A new American brand has arrived against all odds. During the 2012 Bike Week in Daytona
, the team at Motus Motorcycles unveiled two new V4-powered bikes, the MST and MST-R.
''We designed and built these two GT models from a clean sheet,'' said Brian Case, one of the company's founders. ''Development has been underway for three years, and we're confident that it will all be completed by the end of 2012.''
Moto123.com had the opportunity to get up close and personal with these authentic American sports tourers while in Florida. The result is impressive with what looks like very high-quality components and intoxicating sound effects. And honestly, it takes balls to develop a GT motorcycle in a land where cruisers are king.
Barely two years removed from the drawing board, the Alabama-built Motus MST is powered by a unique 1,650cc 90-degree V4 engine with electronic fuel injection that cranks out 161 hp at 7,800 rpm, not to mention a solid 122 lb-ft of torque at 4,500 rpm. It's all managed through a 6-speed sequential transmission with chain final drive.
This exotic powerplant comes from Katech, a Michigan company that's been involved in high levels of racing for several years and boasts more than 50 victories on its résumé. Using the latest R&D advancements and technology, Katech also won the tuning rights for the V8 engine of the Chevrolet Corvette Z06.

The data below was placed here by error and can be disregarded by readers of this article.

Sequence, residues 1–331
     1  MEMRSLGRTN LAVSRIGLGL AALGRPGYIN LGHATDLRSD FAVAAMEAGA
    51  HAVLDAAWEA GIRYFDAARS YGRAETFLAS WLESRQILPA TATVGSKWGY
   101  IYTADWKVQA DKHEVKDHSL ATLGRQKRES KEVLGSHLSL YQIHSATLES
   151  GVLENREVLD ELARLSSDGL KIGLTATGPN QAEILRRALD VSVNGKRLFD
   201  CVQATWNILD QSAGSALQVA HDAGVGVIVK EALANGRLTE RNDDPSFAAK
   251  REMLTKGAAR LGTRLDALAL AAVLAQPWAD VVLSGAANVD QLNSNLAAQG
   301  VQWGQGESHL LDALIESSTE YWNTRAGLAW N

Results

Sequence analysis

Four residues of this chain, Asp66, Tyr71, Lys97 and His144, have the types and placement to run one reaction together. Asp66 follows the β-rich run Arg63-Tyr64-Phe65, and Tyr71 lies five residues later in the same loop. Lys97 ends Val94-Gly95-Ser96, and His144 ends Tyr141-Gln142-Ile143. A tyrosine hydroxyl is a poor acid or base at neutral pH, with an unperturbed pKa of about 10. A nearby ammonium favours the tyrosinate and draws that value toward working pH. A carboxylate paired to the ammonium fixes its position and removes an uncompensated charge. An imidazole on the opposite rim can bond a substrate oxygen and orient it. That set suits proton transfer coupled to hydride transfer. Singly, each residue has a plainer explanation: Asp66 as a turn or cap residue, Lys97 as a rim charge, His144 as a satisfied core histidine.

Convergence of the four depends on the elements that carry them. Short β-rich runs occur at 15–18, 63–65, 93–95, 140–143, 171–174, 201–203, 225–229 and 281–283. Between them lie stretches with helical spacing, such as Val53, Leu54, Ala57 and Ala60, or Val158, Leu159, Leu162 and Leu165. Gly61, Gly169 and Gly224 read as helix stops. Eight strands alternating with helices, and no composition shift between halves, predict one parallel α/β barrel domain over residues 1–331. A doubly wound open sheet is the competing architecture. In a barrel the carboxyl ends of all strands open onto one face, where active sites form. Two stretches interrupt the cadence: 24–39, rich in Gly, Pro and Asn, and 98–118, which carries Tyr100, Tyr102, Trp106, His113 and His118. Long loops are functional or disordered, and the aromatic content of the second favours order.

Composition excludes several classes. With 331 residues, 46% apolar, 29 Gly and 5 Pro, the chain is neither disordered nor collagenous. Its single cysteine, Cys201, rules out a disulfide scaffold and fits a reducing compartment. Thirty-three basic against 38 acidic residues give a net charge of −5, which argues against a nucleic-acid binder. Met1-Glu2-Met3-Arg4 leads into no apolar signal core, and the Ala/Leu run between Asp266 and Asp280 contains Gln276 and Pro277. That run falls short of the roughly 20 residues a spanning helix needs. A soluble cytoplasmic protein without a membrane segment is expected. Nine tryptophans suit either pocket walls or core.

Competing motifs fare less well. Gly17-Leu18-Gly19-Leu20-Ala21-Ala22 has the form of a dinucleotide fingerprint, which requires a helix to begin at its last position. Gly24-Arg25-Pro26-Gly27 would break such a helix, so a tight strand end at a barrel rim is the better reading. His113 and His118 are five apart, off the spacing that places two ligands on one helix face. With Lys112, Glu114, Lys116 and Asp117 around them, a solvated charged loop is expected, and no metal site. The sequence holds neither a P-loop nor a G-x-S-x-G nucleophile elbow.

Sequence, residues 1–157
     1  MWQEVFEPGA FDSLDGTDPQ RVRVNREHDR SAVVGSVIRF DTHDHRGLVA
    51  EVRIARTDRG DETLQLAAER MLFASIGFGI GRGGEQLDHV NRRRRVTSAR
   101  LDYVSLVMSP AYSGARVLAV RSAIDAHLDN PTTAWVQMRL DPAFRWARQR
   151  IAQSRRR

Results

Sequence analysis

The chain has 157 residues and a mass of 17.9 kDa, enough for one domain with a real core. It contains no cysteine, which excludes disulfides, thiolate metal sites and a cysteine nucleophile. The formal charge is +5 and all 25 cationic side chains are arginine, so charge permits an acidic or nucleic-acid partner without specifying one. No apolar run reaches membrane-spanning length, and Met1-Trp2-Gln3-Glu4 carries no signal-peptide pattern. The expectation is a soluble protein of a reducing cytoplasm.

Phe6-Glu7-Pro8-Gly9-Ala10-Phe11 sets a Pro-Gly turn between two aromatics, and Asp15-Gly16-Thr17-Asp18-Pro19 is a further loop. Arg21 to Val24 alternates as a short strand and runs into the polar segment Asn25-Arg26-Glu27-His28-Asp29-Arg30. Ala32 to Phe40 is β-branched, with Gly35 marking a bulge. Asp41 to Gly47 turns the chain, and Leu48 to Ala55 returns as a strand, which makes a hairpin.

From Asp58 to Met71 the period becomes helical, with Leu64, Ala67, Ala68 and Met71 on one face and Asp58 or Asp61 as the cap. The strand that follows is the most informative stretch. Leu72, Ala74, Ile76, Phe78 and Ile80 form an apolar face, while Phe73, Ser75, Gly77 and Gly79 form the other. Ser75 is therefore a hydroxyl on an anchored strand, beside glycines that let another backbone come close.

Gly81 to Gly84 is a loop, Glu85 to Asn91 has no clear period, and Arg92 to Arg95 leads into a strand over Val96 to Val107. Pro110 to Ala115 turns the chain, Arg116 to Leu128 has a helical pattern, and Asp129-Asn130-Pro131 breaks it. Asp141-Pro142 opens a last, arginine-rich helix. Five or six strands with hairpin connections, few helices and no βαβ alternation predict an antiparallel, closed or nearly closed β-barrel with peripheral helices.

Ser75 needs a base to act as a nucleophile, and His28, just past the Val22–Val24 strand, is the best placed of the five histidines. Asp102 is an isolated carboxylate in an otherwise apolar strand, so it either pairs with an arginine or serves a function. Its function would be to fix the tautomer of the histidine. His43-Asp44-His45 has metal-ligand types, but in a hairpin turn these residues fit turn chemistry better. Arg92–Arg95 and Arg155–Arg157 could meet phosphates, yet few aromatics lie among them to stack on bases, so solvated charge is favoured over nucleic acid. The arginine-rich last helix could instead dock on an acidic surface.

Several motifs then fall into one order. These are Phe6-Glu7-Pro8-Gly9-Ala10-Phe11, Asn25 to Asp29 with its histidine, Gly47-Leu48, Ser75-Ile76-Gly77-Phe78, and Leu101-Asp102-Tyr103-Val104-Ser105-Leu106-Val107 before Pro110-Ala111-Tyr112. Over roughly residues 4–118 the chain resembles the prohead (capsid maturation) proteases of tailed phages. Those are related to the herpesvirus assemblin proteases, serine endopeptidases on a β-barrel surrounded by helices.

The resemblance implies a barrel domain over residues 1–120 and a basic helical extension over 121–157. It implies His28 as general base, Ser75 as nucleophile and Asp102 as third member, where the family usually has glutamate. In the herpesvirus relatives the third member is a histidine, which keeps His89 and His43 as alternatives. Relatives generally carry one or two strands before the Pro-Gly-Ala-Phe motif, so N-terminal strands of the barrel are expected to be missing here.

|The Alabama-built Motus MST is powered by a unique 1,650cc 90-degree V4 engine with electronic fuel injection that cranks out 161 hp at 7,800 rpm. (Photo: Sébastien D'Amour)
Engineers paid special attention to efficiency and the overall riding experience instead of simply focusing on full-throttle performance. That's why you won't find an overhead camshaft but rather a single cam-in-block design with pushrods - just like a good old American V8. There are many known benefits including a healthy dose of torque over a wide range, superior smoothness and efficiency at ultra-low revs, minimum vibrations, and a longer life cycle.
This magnificent piece of mechanics rests in a trellis-type frame with a classic suspension that consists of an adjustable Öhlins upside-down fork up front and a progressive monoshock with piggyback reservoir in the back. Braking is taken care of by a pair of 320mm floating discs and 4-piston Brembo callipers.
The short 1,460mm wheelbase and tight 26-degree rake (similar to a standard sport bike) should provide all the agility and precision you'd expect from a GT bike. At 250 kg, the MST is lighter than the average competitor but slightly heavier than the segment-leading BMW R1200RT. It also posts roughly the same weight as the Moto Guzzi Norge GT, another bike with a V-shaped engine and longitudinal crankshaft.
|The short 1,460mm wheelbase and tight 26-degree rake (similar to a standard sport bike) should provide all the agility and precision you'd expect from a GT bike. (Photo: Sébastien D'Amour)
The racy, half-naked looks make the MST a definite head-turner, yet it's not too garish nor flamboyant. Designers seem to have borrowed a number of stylish elements from the competition such as the headlight (KTM), mirrors (Yamaha), and saddlebags (Givi). Still, the result so far is nothing short of amazing, and promises a bright future for this company that started from scratch in 2009. We are very anxious to try it out!